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Robert Gibbs, 23, of Livermore, right, sits with, from left, Kevin Hunt, 18, Nichole Gibbs 22, and Amber Edwards, 16, on his birthday in Livermore, Calif., on Friday, March 2, 2012. (AP Photo/Bay Area News Group, Doug Duran) Robert Gibbs, 23, of Livermore, right, sits with, from left, Kevin Hunt, 18, Nichole Gibbs 22, and Amber Edwards, 16, on his birthday in Livermore, Calif., on Friday, March 2, 2012. (AP Photo/Bay Area News Group, Doug Duran)  

Government spends billions on obesity studies

The National Institutes of Health (NIH) spent $830 million funding obesity studies in fiscal year 2011. Between 2008 and 2011, NIH spent over $3.3 billion on obesity research.

Spending on obesity research also overshadows many other areas of research funded by NIH, including research on Alzheimer’s disease, heart disease and breast cancer, which received $448 million, $437 million and $715 million in 2011, respectively.

“Obesity is a very is a very significant cause of current illness in our country and becoming more significant all the time,” said Dr. Francis Collins, NIH director.

Because of the rise in obesity, NIH established the Obesity Research Task Force in 2003 and came out with its first Strategic Plan for NIH Obesity Research in 2004. The plan aims “to serve as a guide to accelerate research that will lessen the personal and public health burdens of obesity” with the help of input of external experts, industry professionals, and health-focused organizations through a public comment period.

It also “encompasses all levels of research, from basic biological and behavioral research through community and population research.”

“The strategic plan is rather sweeping in its set of goals, going all the way from basic science understanding of what are those signals that actually trigger hunger and satiety,” Collins said. “It focuses quite heavily then on interventions. How do you design trials with creative new ideas about how to prevent or treat obesity, and then once you’ve identified possible strategies, how do you develop an approach to find out if they work in the real world.”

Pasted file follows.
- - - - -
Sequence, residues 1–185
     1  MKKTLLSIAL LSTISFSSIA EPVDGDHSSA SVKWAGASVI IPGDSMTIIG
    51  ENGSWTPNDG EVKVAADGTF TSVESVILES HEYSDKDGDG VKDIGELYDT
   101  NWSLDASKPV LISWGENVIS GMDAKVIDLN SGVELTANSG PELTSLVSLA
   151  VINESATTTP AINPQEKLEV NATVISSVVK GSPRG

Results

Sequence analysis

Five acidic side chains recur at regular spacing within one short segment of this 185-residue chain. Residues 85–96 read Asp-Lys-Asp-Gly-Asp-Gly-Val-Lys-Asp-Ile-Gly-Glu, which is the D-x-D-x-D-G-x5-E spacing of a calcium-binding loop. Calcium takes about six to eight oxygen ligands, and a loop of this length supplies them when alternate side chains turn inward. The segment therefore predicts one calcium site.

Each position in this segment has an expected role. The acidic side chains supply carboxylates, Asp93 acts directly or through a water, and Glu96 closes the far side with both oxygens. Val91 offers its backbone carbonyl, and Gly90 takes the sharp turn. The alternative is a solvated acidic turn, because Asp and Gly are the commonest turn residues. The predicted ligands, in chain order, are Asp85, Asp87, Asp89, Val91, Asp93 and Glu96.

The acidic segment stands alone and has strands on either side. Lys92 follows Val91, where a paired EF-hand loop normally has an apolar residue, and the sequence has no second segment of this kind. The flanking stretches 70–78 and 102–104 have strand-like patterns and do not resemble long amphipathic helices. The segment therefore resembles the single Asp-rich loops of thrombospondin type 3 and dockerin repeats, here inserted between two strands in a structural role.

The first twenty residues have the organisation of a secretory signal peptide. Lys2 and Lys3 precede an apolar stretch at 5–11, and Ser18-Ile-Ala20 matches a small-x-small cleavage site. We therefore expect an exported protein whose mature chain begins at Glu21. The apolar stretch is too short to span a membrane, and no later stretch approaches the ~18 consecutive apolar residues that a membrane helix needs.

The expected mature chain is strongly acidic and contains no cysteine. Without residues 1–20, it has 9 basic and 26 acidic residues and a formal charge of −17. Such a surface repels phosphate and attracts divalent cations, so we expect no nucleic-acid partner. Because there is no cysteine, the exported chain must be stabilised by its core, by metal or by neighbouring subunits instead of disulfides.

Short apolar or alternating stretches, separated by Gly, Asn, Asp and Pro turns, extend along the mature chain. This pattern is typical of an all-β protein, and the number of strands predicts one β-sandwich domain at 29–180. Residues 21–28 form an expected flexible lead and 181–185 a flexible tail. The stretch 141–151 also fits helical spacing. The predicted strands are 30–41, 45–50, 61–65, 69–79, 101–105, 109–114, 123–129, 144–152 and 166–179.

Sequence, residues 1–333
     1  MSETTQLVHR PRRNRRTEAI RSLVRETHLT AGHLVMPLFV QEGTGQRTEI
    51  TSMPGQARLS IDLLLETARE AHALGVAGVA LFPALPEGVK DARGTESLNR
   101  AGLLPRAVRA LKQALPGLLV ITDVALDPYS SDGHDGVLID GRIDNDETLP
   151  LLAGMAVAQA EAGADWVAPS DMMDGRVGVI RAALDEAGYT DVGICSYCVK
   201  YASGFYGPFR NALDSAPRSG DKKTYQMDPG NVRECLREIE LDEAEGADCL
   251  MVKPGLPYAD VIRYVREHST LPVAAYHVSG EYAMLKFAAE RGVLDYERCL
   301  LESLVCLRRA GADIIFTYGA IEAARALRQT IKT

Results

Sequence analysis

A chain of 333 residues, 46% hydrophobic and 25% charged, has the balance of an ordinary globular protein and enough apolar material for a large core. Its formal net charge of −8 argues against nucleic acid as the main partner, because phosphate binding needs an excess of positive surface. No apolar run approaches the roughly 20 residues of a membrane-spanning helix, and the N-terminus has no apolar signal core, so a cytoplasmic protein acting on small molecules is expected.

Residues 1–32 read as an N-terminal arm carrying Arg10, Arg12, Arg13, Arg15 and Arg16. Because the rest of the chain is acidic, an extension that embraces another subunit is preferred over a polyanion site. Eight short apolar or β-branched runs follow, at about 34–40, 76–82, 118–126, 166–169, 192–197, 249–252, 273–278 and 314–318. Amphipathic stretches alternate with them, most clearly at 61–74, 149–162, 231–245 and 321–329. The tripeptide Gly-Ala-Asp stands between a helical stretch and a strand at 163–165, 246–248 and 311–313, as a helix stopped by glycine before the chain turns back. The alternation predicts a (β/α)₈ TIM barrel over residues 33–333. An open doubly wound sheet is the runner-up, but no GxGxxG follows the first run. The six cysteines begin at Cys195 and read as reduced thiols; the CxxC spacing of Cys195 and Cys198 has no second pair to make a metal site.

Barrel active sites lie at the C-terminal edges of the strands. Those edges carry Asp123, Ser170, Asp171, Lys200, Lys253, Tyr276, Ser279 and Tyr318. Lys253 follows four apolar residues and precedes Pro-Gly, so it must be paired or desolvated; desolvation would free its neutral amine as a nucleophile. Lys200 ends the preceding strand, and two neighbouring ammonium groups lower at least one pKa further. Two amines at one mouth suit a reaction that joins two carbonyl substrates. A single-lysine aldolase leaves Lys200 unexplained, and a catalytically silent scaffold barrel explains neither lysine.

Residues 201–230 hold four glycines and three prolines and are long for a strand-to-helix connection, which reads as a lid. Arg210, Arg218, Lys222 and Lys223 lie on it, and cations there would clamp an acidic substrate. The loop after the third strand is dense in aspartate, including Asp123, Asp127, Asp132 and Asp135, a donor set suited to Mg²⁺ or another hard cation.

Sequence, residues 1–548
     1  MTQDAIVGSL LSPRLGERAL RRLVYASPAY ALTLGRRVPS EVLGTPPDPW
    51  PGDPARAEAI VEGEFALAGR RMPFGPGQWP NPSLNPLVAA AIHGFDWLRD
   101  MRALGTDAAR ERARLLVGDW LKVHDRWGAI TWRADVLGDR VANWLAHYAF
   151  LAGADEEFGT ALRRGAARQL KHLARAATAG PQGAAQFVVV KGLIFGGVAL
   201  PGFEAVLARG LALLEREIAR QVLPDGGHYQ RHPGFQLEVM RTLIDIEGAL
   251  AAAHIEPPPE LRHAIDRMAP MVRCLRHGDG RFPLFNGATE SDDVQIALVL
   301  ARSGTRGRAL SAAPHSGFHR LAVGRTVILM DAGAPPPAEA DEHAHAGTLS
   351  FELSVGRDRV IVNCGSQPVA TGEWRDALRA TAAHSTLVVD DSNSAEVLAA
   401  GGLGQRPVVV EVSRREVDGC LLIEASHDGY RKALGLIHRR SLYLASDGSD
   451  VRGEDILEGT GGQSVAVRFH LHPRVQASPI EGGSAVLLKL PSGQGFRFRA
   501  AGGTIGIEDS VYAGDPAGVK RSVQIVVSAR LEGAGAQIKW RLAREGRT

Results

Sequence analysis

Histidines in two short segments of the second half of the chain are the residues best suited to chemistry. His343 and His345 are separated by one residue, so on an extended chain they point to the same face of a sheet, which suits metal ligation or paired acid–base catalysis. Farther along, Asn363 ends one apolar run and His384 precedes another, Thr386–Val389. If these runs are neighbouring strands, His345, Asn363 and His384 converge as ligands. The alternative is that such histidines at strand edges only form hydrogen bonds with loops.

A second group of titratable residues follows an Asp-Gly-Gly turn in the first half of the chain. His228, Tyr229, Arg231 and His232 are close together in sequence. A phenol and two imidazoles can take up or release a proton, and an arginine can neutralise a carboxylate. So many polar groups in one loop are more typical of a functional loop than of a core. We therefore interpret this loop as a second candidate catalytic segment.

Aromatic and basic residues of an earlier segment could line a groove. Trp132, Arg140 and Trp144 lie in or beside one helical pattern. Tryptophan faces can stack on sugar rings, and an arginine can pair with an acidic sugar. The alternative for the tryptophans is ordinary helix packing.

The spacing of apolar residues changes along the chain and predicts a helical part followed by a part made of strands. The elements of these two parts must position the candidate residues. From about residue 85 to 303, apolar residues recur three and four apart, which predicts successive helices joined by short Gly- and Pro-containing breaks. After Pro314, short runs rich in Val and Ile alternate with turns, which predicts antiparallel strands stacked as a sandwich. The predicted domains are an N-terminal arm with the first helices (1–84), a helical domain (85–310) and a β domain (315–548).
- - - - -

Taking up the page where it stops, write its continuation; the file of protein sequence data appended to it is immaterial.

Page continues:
More recently, NIH has found a more popular outlet for their research in a new HBO documentary series, “Weight of the Nation.” The series features NIH research on the negative implications of obesity and what actions can be taken to combat it.

Alongside the documentary series there will be “a three-part HBO Family series for kids, 12 short features, a social media campaign, and a nationwide community-based campaign to mobilize action to move the country to a healthier weight,” according to NIH.

Obesity is defined by having a high amount of extra body fat and is calculated using the body mass index (BMI), a measure of body fat based on height and weight that applies to adult men and women. Someone with a BMI of thirty or more is considered obese.

According to NIH, over one-third of adults and 17 percent of children in the United States are considered obese, based on their BMI.

“The National Institutes of Health is our nation’s investment in biomedical research. We try to understand the causes of disease and the ways to prevent and treat,” Collins explained, adding that NIH “is determined to take the resources that we’ve been given by the taxpayers and learn everything we can about this epidemic in order to turn it around.”

NIH estimates that it will spend $829 million on obesity research in FY 2012 and $827 million in FY 2013.

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